Form and Content
Cynthia Ozick begins Bloodshed, and Three Novellas with a preface that explores the difficulty of using English to explain Jewish postulates and explains that “Usurpation,” the longest fiction in the book, is “a story written against story-writing, against the Muse-goddesses; against Apollo.” For this author, the act of creation carries the risk of breaking the Second Commandment’s injunction against making idols. Connecting these stories is Ozick’s focus on the problems involved in being Jewish in an essentially pagan, Hellenistic world.
The opening story of this collection, “A Mercenary,” begins by introducing Stanislav Lushinski, “a Pole and a diplomat,” who represents an African country at the United Nations. After surviving the Holocaust, Lushinski adopted as his new country a tropical land far removed from the icy forests of Europe. Further, in his efforts to remake himself, he has acquired an American-German mistress, sets of fake passports, and fame as a humorist on television talk shows. It is Lushinski’s assistant and closest friend, Morris Ngambe, angered by Lushinski’s power to create a war in Africa for economic reasons, who unmasks the diplomat and forces him to face his identity. In a letter to Lushinski, Morris tells a story that reveals his evaluation of Lushinski as an impersonator, a traitor, and, most devastatingly, a Jew. Thus exposed, Lushinski, under African skies, remains entrapped by his memories of Polish stones and snow.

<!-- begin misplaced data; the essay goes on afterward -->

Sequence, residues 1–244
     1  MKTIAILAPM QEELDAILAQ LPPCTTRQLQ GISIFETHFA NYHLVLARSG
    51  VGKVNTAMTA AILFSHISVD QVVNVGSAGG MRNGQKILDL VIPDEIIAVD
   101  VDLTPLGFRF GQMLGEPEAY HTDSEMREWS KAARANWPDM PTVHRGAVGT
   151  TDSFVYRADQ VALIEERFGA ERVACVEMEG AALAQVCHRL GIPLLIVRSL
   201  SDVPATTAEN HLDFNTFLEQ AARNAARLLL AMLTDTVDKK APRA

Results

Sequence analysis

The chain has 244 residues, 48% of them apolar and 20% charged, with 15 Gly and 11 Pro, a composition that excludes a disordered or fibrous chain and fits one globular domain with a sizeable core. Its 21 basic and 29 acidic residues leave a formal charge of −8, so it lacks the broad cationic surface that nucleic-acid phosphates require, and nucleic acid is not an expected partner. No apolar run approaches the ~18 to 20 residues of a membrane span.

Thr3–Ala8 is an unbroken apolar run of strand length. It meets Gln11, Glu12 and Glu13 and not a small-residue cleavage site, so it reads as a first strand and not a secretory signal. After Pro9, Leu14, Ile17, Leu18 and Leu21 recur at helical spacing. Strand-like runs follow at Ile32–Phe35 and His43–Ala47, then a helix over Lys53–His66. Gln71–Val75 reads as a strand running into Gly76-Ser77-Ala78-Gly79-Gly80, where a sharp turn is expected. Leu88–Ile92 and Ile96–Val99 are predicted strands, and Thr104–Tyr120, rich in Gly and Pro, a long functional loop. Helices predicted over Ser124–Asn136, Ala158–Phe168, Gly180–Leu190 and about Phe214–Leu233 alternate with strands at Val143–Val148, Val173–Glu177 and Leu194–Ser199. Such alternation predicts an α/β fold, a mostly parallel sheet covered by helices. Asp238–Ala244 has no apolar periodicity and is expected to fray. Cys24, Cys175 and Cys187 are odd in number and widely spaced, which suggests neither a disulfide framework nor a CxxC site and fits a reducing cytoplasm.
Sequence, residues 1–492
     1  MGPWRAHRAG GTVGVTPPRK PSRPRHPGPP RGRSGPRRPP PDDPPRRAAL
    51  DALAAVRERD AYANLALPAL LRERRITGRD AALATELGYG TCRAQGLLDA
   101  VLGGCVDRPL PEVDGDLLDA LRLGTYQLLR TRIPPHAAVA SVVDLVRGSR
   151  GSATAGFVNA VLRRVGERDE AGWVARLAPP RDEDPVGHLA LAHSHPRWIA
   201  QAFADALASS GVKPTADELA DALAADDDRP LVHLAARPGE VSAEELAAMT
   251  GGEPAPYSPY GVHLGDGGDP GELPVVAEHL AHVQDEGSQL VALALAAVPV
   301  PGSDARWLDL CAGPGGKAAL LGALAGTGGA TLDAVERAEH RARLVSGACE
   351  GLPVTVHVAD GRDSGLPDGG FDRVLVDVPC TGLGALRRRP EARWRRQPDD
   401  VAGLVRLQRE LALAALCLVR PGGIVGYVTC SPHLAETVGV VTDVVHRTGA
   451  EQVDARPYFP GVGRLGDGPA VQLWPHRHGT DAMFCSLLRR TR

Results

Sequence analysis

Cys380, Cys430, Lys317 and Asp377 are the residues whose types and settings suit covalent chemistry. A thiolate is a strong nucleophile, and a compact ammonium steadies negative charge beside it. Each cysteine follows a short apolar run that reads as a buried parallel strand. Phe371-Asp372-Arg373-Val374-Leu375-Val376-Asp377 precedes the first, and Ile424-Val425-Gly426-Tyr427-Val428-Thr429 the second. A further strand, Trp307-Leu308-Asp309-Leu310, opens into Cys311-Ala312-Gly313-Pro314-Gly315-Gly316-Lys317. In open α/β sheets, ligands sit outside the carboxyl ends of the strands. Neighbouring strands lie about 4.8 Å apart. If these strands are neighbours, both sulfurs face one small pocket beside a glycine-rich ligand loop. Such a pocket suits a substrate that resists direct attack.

In “A Mercenary,” Lushinski and Ngambe are juxtaposed; in “Bloodshed,” an equally unlikely pair of characters appear. “Bloodshed” begins as the...
(The entire section is 680 words.)